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UNTAMED

More life reflections from the bestselling author on themes of societal captivity and the catharsis of personal freedom.

In her third book, Doyle (Love Warrior, 2016, etc.) begins with a life-changing event. “Four years ago,” she writes, “married to the father of my three children, I fell in love with a woman.” That woman, Abby Wambach, would become her wife. Emblematically arranged into three sections—“Caged,” “Keys,” “Freedom”—the narrative offers, among other elements, vignettes about the soulful author’s girlhood, when she was bulimic and felt like a zoo animal, a “caged girl made for wide-open skies.” She followed the path that seemed right and appropriate based on her Catholic upbringing and adolescent conditioning. After a downward spiral into “drinking, drugging, and purging,” Doyle found sobriety and the authentic self she’d been suppressing. Still, there was trouble: Straining an already troubled marriage was her husband’s infidelity, which eventually led to life-altering choices and the discovery of a love she’d never experienced before. Throughout the book, Doyle remains open and candid, whether she’s admitting to rigging a high school homecoming court election or denouncing the doting perfectionism of “cream cheese parenting,” which is about “giving your children the best of everything.” The author’s fears and concerns are often mirrored by real-world issues: gender roles and bias, white privilege, racism, and religion-fueled homophobia and hypocrisy. Some stories merely skim the surface of larger issues, but Doyle revisits them in later sections and digs deeper, using friends and familial references to personify their impact on her life, both past and present. Shorter pieces, some only a page in length, manage to effectively translate an emotional gut punch, as when Doyle’s therapist called her blooming extramarital lesbian love a “dangerous distraction.” Ultimately, the narrative is an in-depth look at a courageous woman eager to share the wealth of her experiences by embracing vulnerability and reclaiming her inner strength and resiliency.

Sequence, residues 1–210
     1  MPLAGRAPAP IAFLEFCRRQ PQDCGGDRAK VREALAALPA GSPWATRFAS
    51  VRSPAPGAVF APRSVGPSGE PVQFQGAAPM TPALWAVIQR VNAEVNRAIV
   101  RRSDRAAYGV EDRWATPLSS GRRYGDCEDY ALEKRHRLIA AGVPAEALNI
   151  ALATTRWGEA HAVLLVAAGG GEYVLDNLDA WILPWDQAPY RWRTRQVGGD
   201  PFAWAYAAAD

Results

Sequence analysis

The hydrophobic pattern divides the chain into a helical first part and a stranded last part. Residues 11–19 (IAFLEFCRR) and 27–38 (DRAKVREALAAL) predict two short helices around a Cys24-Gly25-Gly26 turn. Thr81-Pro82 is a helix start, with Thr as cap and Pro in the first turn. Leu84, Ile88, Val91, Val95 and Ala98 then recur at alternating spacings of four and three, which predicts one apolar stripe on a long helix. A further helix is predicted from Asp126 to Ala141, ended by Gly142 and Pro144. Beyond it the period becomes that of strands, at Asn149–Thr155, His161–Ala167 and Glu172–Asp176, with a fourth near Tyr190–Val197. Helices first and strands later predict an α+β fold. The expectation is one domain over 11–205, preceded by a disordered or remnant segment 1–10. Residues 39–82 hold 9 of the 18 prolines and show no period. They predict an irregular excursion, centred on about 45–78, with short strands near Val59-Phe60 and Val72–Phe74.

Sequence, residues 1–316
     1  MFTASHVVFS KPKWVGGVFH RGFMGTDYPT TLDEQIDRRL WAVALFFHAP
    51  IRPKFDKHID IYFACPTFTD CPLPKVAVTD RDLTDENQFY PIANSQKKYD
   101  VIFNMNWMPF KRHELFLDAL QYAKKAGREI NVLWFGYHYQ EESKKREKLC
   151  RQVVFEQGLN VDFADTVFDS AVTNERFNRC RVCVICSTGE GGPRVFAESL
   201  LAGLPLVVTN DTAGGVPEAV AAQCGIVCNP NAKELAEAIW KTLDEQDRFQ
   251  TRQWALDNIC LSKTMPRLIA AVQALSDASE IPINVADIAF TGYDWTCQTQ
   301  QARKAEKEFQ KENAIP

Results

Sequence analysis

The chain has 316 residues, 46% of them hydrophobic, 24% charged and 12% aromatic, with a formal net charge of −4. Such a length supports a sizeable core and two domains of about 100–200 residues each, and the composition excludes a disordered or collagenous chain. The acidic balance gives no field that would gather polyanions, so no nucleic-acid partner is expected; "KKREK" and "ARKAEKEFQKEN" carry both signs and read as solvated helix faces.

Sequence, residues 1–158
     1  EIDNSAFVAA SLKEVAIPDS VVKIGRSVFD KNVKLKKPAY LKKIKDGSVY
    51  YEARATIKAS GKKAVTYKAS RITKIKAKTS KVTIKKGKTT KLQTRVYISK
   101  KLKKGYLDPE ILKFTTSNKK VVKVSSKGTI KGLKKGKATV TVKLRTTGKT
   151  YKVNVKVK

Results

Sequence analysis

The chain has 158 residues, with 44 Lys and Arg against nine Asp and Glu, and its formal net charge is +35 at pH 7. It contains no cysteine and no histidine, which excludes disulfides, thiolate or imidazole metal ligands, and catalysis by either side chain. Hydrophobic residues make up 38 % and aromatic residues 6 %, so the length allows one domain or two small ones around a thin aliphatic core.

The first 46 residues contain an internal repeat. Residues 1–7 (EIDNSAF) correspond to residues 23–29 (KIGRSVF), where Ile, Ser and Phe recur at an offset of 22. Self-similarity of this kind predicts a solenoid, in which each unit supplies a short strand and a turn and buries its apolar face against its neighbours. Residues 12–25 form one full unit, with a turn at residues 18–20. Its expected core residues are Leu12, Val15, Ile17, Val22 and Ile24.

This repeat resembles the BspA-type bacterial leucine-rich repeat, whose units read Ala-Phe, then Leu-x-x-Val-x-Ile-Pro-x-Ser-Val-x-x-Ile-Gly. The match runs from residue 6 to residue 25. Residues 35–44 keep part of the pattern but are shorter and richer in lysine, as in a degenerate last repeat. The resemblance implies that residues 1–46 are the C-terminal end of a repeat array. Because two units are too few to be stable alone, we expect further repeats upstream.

Doyle offers another lucid, inspiring chronicle of female empowerment and the rewards of self-awareness and renewal.

Pub Date: March 10, 2020

ISBN: 978-1-9848-0125-8

Page Count: 352

Publisher: Dial Books

Review Posted Online: Dec. 22, 2019

Kirkus Reviews Issue: Jan. 15, 2020